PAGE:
Des Moines (United States), Feb 2 : The battle to elect the next president of the United States got underway, with frontrunners Donald Trump and Hillary Clinton hoping to win the opening test in Iowa, the first state to cast votes.
After months of campaigning during which Trump and other political outsiders have ripped up the script, voters in this midwestern state filed into church basements, school gymnasiums and libraries to have their say in the caucuses.
The contests in both parties are tight. Trump has led the Republican polls for months, savaging early favorite Jeb Bush, and putting the rest of the large field -- 12 in all -- on the back foot. But the controversial billionaire now faces a stiff test from ultra-conservative Senator Ted Cruz, who has invested heavily on the ground, hoping to get an early lead in the months-long race for the party's nomination.
"What a bit of history we are seeing," Cruz told fired up supporters yesterday. However, political upsets are commonplace in Iowa: Will an establishment Republican -- Senator Marco Rubio, perhaps -- confound the polls and make it a three-way race?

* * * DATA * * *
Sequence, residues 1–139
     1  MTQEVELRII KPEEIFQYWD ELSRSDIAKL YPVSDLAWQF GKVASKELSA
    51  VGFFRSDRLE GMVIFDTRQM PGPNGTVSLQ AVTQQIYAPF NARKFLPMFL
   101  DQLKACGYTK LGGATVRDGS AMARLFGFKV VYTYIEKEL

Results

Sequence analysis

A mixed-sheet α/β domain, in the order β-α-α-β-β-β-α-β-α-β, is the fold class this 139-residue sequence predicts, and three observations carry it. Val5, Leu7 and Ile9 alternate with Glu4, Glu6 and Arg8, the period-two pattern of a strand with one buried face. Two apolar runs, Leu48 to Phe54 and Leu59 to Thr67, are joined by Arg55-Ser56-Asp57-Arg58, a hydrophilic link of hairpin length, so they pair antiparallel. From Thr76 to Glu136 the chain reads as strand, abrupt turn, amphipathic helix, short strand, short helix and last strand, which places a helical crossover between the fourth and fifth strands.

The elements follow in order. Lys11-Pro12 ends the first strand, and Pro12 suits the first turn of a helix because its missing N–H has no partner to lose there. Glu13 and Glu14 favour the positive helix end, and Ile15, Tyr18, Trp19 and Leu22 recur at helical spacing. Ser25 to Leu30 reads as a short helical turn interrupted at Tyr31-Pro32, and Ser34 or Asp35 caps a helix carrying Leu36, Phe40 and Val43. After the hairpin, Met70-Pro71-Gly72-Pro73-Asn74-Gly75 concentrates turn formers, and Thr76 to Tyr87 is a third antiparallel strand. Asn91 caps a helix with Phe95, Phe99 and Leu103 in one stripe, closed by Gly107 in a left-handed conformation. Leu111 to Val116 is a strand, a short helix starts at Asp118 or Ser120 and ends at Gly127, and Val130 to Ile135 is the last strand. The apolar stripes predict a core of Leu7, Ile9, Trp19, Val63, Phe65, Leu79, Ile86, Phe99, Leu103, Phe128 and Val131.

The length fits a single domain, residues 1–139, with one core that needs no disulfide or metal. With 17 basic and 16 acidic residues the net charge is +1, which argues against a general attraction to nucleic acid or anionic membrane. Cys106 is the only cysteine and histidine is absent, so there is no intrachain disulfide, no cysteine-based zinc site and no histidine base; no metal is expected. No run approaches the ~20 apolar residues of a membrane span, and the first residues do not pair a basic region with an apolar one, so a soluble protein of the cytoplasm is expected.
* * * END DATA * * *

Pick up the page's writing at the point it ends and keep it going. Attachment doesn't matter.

For the Democrats, Clinton is looking to lay to rest the demons of 2008, when she lost in Iowa to now-President Barack Obama, and pursue her quest for history by dealing a solid blow to her upstart challenger Bernie Sanders.
"I know how to do this and I'm ready," a confident Clinton, vying to be America's first female president, told CNN hours before voting. "There is just a lot of excitement and energy. I'm urging everybody to come out and caucus tonight to be part of this unique American process."
At most, a few hundred thousand people are expected to attend, highlighting the importance of voter turnout in an Iowa race where success can be the bedrock to a candidate's long-term success. For both parties, most caucus meetings began at 7:00 pm (local time), and results are expected within hours.
Such meetings to select candidates for each party take the place of primaries. But it is not just Iowa that is up for grabs -- so too is the early momentum candidates are craving in the presidential race ahead of next week's primary in New Hampshire.
Clinton is under intense pressure to win here before going back to New Hampshire where Sanders, who is from neighboring Vermont, holds a strong lead. Sanders, who describes himself as a democratic socialist, declared his race with Clinton a "toss-up."
A Quinnipiac University poll of likely Iowa voters released yesterday agrees, showing Sanders even edging in front of Clinton, 46 to 43 percent -- within the margin of error of 3.2 percentage points.
Pollsters said Sanders' success would depend on turnout among first-time caucus participants. Sanders has energized young Democrats with his denunciations of the "billionaire class" and his calls for a political revolution.
"If the turnout is high, I think we've got a real shot to win this," Sanders told CNN's "State of the Union" program.